Comic Evolution is located at 20 South Merdian in Puyallup.

Thursday, April 1, 2010

Comic Frenzy!

Today marks a very special day for writers in Seattle, especially those writers wanting to break into the script, screen play, or comic book writing industries. April 1st is the beginning of Script Frenzy the month long challenge for writers who want to test their limits and creativity to see if they can write 100 pages of script in 30 days. Script Frenzy is a non profit, donor funded contest that provides an avenue for writers to try something they might not ordinarily do and to push themselves to accomplish what can be seemingly impossible.

Script Frenzy provides an introduction to the comic book writing style and the basic format that most comics follow. They explain that a 'splash page' conveys a big action sequence or a major turning point in the comic and such pages can be placed any point in the book. There is also instruction on how to use bold font and capitalized letters when introducing a new character. While Script Frenzy is about crafting a certain style of writing, they also acknowledge that the comic book form relies heavily on the artwork and one of the guidelines emphasizes respect of the artist as the drawings are what really tell a story in a comic.

Although Script Frenzy is an individual project, cities take the initiative to organize writing groups where participating writers can meet up to write together or bounce ideas off each other or just talk about the madness they are undertaking and how they coping with the delightful, self induced stresses of the project. Currently Seattle has a Capitol Hill Write In Group, a Queen Anne/Fremont/South Lake Union/Magnolia/Belltown/Downtown Seattle Writing Group and a North Seattle/Lake City/U District/Shoreline Writers Group.

Wednesday, March 31, 2010

Arcane Comics and More

Driving along 15th Avenue NW through Seattle's Ballard neighborhood, there is a sign on the side of the road near 58th street. The occasional passerby may not notice it, but those familiar with the area, know that the sandwich board advertising Arcane Comics braves the rain and even the sporadic sunshine 365 days a year. Tucked into an office building next to a dental clinic, Arcane Comics and More is home to a vast selection of comic books, everything from the mainstream, well known titles, to the more obscure, lesser known books like Alan Moore's A Disease of Language. While the quantity may seem overwhelming, it's a joy to spend an afternoon in a place that has such well stocked shelves you're guaranteed to find exactly what you're looking for or discover something new.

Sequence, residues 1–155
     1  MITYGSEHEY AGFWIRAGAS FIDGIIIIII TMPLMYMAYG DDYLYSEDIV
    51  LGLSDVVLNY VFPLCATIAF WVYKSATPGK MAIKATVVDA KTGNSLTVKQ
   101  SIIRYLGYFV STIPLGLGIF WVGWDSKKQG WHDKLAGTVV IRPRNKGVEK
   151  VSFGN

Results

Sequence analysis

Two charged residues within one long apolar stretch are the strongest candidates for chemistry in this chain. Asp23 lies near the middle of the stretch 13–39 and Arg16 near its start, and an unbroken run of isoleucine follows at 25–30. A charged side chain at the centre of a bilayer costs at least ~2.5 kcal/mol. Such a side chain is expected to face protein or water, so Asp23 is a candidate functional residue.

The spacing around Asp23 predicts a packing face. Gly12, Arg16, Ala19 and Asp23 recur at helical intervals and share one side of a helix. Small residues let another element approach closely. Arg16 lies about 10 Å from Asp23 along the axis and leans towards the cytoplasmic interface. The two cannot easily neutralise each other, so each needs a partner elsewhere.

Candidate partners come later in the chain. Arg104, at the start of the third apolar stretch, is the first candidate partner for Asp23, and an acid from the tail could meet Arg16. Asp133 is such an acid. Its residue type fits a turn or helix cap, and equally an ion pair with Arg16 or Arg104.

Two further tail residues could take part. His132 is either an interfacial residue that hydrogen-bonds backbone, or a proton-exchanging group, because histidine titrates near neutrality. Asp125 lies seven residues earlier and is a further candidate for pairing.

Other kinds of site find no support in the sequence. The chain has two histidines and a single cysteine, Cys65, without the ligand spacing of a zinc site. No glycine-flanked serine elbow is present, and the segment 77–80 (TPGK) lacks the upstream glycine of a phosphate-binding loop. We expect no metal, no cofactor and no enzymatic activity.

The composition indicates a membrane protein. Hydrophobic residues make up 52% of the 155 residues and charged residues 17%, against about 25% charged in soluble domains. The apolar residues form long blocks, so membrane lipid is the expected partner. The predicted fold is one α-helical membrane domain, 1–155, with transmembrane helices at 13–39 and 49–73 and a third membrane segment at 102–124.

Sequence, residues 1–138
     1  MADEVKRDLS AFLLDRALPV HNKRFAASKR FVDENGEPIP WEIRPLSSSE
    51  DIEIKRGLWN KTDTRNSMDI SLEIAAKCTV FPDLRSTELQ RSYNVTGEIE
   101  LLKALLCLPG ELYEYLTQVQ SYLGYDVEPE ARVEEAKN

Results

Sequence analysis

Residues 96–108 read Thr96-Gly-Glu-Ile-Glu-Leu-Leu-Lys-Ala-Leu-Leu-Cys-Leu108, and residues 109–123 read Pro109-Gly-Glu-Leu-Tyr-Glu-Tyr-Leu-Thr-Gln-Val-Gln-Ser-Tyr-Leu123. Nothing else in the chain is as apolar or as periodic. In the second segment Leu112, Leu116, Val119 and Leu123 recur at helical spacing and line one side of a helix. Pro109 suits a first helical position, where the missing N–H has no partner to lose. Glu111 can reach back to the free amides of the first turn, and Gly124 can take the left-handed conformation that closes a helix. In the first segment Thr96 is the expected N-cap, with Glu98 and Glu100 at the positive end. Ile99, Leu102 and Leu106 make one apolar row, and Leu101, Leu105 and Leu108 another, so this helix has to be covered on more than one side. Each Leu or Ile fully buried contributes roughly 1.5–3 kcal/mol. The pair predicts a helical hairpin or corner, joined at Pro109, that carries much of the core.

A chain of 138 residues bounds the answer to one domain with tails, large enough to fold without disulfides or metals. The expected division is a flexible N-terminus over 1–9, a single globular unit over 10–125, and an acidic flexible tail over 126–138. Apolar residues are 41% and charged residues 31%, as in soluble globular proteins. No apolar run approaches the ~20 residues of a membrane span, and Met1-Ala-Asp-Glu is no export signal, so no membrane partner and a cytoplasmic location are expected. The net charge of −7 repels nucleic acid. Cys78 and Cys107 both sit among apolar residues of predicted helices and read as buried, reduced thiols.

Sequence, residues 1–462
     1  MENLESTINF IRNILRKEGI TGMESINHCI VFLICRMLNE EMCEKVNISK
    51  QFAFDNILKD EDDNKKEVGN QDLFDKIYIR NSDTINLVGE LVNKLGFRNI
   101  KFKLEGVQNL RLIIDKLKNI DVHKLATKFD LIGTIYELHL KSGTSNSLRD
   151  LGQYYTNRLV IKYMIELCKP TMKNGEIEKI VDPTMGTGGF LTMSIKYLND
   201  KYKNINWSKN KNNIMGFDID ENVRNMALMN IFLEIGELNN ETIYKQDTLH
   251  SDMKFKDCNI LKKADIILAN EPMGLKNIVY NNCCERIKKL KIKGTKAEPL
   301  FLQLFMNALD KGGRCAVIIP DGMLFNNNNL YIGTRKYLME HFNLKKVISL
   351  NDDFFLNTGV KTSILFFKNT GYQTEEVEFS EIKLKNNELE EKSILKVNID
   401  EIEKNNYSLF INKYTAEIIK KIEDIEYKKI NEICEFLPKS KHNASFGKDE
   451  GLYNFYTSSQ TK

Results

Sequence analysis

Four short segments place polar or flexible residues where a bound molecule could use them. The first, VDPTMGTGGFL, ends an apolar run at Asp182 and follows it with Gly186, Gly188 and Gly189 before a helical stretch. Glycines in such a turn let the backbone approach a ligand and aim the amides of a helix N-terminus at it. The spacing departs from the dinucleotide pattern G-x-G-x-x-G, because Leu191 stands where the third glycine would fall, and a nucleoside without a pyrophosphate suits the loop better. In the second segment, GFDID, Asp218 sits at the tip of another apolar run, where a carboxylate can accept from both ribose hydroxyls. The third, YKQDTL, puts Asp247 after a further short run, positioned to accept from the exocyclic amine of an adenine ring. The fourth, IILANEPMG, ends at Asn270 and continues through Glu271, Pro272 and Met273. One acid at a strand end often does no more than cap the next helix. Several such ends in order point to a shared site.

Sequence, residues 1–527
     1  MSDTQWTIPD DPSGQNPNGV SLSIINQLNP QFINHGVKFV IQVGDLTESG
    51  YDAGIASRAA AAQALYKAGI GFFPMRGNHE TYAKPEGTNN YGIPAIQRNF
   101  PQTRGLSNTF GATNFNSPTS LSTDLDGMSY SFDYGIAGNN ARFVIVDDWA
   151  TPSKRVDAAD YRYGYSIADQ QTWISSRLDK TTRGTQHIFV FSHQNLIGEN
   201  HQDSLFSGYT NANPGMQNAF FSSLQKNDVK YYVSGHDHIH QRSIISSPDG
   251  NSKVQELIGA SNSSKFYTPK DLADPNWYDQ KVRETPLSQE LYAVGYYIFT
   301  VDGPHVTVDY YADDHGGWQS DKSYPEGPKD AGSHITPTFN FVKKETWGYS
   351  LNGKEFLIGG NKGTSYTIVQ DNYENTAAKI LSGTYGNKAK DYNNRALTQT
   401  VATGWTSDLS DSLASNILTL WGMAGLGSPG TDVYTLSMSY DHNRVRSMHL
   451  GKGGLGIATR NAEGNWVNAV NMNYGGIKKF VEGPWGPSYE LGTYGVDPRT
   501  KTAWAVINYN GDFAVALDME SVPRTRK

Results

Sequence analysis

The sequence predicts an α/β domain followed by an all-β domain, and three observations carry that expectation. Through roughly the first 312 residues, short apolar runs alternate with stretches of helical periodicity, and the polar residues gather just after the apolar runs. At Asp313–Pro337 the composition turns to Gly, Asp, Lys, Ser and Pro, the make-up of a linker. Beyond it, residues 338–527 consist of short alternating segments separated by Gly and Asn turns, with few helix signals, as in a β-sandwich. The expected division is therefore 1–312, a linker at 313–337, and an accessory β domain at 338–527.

In addition to comics, the store is home to apparel, toys, and manga, but what sets them apart from other local stores is their subscription service. There is no initial fee to start a service and no minimum number of titles you have to subscribe. An added bonus of the service is receiving 10% off other store merchandise. While their selection and services are great, what truly makes the store a gem is the knowledgeable and friendly staff always ready to greet customers with a welcoming smile. Arcane comics is open seven days a week from 10 am to 8pm, with another location in West Seattle.

Tuesday, March 30, 2010


There is a section in every local comic book store that is dedicated to a very specific type of comic, it is not the Marvel heroes or the DC crime fighter, or even to the lessor known Wildstorm sidekicks; this is a section focused on a certain style of art called anime. Anime is a Japanese drawing style whose characters can be identified by their exaggerated expressions, wide, innocent looking eyes, and long legs and arms. While anime has it's roots in Japan, there is a strong following here in the US that began in the early 1990's with the introduction of cartoons such as Sailor Moon and Dragon Ball Z. A combination of these shows, along with video games and comic books catapulted the anime industry in the US to be the 4 billion dollar market that it is today. The popularity has grown tremendously over the years, so much so that there are conventions held around the country that celebrate the anime industry. Seattle is host to the eighth largest anime convention in North America called Sakura-Con. It is a three day event held at the Washington State Convention center and it is happening this weekend April 2-4. The convention will have discussion panels and anime artists and cosplay participants. On Saturday April 2, the Seattle Women's Anime Meet up with have a panel from 10:00 - 11:00 AM to introduce themselves to the larger community and to hopefully recruit more members for their fan base. Another local group attending the convention is a Soul Candy, a Seattle based band that combine their love for anime with music. For anyone with a passion for anime or just a budding curiosity, Sakura-Con is definitely the place to be this weekend.